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How to Find Shed Deer Antlers in the Wild

Each year, deer—as well as elk, moose and caribou—shed their antlers before growing a new pair a few months later. 

While scouring the woods in search of this headgear has long been an off-season hobby for hunters, shed hunting has picked up steam among other outdoors folks who enjoy the thrill of a found trophy. 

Joe Shead, the founder of Go Shed Hunting, has found approximately 1,000 antlers and authored an in-depth guide to help others enjoy similar success. He’s nailed down when, where and how to shed-hunt for the most efficient antler-finding missions. 

Whether you want to incorporate antlers into a stunning home decor piece, turn them into one-of-a-kind jewelry or give your pup nature’s best chew toy, these are the basics to getting started shed hunting. 

Plan ahead

Before you head out, check shed-hunting regulations, which vary from state to state. In some areas where too much human pressure can put stress on herds, shed hunting may be illegal or limited to a designated season. And shed hunting in national parks is never legal. 

While shed hunting doesn’t require a bunch of specialized gear, it’s wise to take a GPS with you. Shead says it’s easy to get turned around when you’re just focusing on the ground beneath you and wandering off-trail. A decent pair of binoculars can also help you catch a glimpse of half-hidden sheds poking through snow, and a solid pair of boots will preserve your feet as you log miles and miles on the hunt. 

Image by Chris Upson

You might also consider training your dog to sniff out antlers to boost your trophy count by up to 50% — something Shead covers in his book. 

Finally, keep your expectations in check. Even if you get permission to shed hunt on private land where competition isn’t stiff, sheds can be hard to come by and even tougher to spot.

Time it right 

Region, weather and habitat conditions can all affect when any particular buck’s antlers will fall off. While deer typically lose their antlers anytime between January and April, the majority of them drop between February and March. 

Shead says he generally prefers to wait until March to shed hunt, when the woods are easier to navigate and the majority of bucks are running around without antlers.  

“I’d much rather shed hunt in the spring after the snow melts than be out there constantly walking through knee-deep snow,” he says.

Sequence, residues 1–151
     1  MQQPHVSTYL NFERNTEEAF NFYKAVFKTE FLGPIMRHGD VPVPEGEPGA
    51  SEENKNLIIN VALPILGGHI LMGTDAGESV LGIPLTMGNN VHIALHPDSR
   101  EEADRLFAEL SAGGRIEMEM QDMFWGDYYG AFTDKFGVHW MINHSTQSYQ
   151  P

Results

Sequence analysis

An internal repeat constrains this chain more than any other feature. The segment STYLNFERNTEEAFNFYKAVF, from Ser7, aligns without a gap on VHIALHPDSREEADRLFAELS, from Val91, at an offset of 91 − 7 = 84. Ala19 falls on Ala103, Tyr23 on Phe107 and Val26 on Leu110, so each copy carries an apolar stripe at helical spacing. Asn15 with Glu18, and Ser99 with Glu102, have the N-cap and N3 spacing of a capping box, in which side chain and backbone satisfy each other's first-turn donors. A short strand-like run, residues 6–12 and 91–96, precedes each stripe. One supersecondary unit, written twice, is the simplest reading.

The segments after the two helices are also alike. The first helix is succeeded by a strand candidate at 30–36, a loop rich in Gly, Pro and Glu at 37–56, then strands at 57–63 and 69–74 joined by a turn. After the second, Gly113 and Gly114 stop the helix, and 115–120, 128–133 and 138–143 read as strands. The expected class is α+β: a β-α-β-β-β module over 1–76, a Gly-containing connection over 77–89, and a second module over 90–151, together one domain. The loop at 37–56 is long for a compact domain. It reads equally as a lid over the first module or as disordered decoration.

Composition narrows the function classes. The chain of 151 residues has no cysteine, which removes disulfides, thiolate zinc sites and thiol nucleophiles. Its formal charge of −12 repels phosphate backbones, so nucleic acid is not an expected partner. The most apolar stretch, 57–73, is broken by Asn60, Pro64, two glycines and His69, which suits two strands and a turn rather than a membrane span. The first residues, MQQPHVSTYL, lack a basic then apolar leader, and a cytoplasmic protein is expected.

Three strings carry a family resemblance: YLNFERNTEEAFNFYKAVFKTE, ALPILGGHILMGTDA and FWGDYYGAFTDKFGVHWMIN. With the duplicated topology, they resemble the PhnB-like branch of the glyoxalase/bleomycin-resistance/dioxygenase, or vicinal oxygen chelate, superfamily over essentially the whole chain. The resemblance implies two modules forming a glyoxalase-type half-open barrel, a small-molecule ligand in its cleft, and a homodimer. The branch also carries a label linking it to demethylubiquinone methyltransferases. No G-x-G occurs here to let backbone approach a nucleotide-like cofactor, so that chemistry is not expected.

Sure, you might leave some of the easy-to-find sheds for others who hit the backcountry earlier in the year, but you’ve still got a chance at finding some in the remote areas farther off the beaten path. 

When he’s shed hunting highly trafficked areas on public land, though, he’ll often adjust his strategy and go out early and often to beat the competition.  

Look for the signs

Shead says understanding some basics about deer behavior beforehand will you help you dial in on the areas where you’re most likely to find sheds.   

During the cold-weather months when antlers could drop at any time, deer hunker down in “wintering areas.” They’re conserving energy, seeking refuge from the snow and sticking close to food sources. So Shead concentrates on areas where thick ground cover is adjacent to agricultural fields, food plots, leftover acorns or woody browse.  

Image by Damiean Kudzak

The trails or travel routes between these two areas can also produce sheds as well as anywhere deer have to jump to clear an obstacle. The impact of landing after crossing a creek, ditch or fence can easily knock an antler loose.   

While you could just mosey around hoping to stumble upon a shed, Shead says moving slowly and intentionally is key to scoring these easy-to-miss treasures. 

Sometimes bucks will shed one antler immediately after the other, and other times a week or so will pass before the second one falls. Matching sets, especially from a large or unique buck, are prized finds but can be notoriously difficult to get your hands on. 

“You really have to look hard because if you find an antler and the match was 200 yards away and you missed it, the next thing you know, you’re a half a mile away looking for something that was right there,” he says. “So you really need to be thorough if you’re going to put in the effort to match up a set.”

The more you go, the more you learn—and the better you’ll understand what types of deer sign and habitat to look for. 

“It’s really rewarding when you can go out with your friends and say, ‘If they’re in this area, there’s probably a shed under this tree.’ And one time out of a hundred, you’ll get it right,” he says. “But when you do, they’ll really think you know your stuff.” 

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